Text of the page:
“In October 2016, we celebrated a momentous victory for our oceans and our planet with the creation of the Ross Sea Marine Protected Area in Antarctica,” wrote Pugh here about his upcoming Antarctica 2020 Campaign. “Protection of this last pristine ocean wilderness couldn’t have come at a more crucial time. As the world’s biggest protected area on land or sea, the formation of this Marine Protected Area sets an important precedent for future ocean protection.
But we have entered a new era of uncertainty. Many hard-fought conservation achievements are now under threat. We must not let our efforts in the Antarctic Oceans be undone.”
Pugh’s worry is partly based on the very real disagreement that he and other scientists and environmentalists have with the stated positions of the new administration of American President-elect Donald Trump and Myron Ebell, the expected head of the U.S. government’s Environmental Protection Agency.
“It’s time for the next important step in Antarctic Ocean protection,” vows Pugh who will head off to Antarctica once again this next week.
“Over the next four years, we will be working to secure three additional MPAs in vulnerable areas of Antarctica…in East Antarctica, the Weddell Sea and the Antarctic Peninsula.” By 2020, Pugh envisions a creation of a nearly 7 million square kilometer protected area in Antarctica or roughly the size of Australia.
In order to garner world attention to issues close to his heart, Pugh will do additional ice swims over the next four years. “These swims allow me to show the world how precious these last Antarctic wilderness areas are.”
Unfortunately, time is not on his side, especially given the fundamental disagreement regarding climate change at the highest levels of the incoming American presidential administration and the environmental protectionism movement.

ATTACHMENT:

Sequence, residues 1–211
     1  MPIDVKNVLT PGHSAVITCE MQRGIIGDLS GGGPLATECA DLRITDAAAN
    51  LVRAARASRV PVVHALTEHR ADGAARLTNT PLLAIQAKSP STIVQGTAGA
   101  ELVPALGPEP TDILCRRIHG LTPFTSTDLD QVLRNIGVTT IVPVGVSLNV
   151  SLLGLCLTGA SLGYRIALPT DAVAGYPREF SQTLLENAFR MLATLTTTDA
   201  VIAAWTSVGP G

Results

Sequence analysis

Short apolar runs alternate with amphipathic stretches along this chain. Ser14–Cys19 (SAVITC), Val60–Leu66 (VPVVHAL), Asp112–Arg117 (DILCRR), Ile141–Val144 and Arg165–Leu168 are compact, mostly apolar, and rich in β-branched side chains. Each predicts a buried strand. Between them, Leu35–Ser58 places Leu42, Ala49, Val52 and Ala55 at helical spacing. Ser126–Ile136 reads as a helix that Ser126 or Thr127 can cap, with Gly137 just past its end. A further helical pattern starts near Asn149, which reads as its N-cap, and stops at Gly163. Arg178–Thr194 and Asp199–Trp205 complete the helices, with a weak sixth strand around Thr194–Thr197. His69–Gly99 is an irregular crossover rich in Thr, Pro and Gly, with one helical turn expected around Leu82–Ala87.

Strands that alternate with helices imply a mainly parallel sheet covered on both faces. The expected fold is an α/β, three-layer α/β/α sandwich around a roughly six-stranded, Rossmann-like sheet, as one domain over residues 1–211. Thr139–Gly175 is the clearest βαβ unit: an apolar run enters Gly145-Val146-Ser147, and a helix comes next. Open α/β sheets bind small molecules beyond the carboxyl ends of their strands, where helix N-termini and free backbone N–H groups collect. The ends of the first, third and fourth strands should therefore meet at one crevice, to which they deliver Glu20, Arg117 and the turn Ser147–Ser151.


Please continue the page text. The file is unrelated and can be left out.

“The Ross Sea MPA was proposed in 1999…and took 17 years before it was finally made a reality. We don’t have another twenty years to protect the world’s last true wilderness areas. Protecting these oceans makes them more resilient to climate change, and enables them to help other oceans recover from overfishing and exploitation. We need these oceans. And for the first time in the history of the world, they now need us.”
For more information on Pugh’s efforts, visit www.lewispugh.com.
Pugh is one of the nominees for the 2016 World Open Water Swimming Man of the Year among the following inspirational individuals:
1. Roger Finch (South Africa)
2. Seti Afoa (Samoa)
3. Tomi Stefanovski (Macedonia)
4. Edoardo Stochino (Italy)
5. Ferry Weertman (Netherlands)
6. Nejib Belhedi (Tunisia)
7. Ger Kennedy (Ireland)
8. Alex Kostich (USA)
9. Masayuki Moriya (Japan)
10. Colin Hill (Great Britain)
11. Ingemar Patiño Macarine (Philippines)
12. Lewis Pugh (Great Britain)
13. Christof Wandratsch (Germany)
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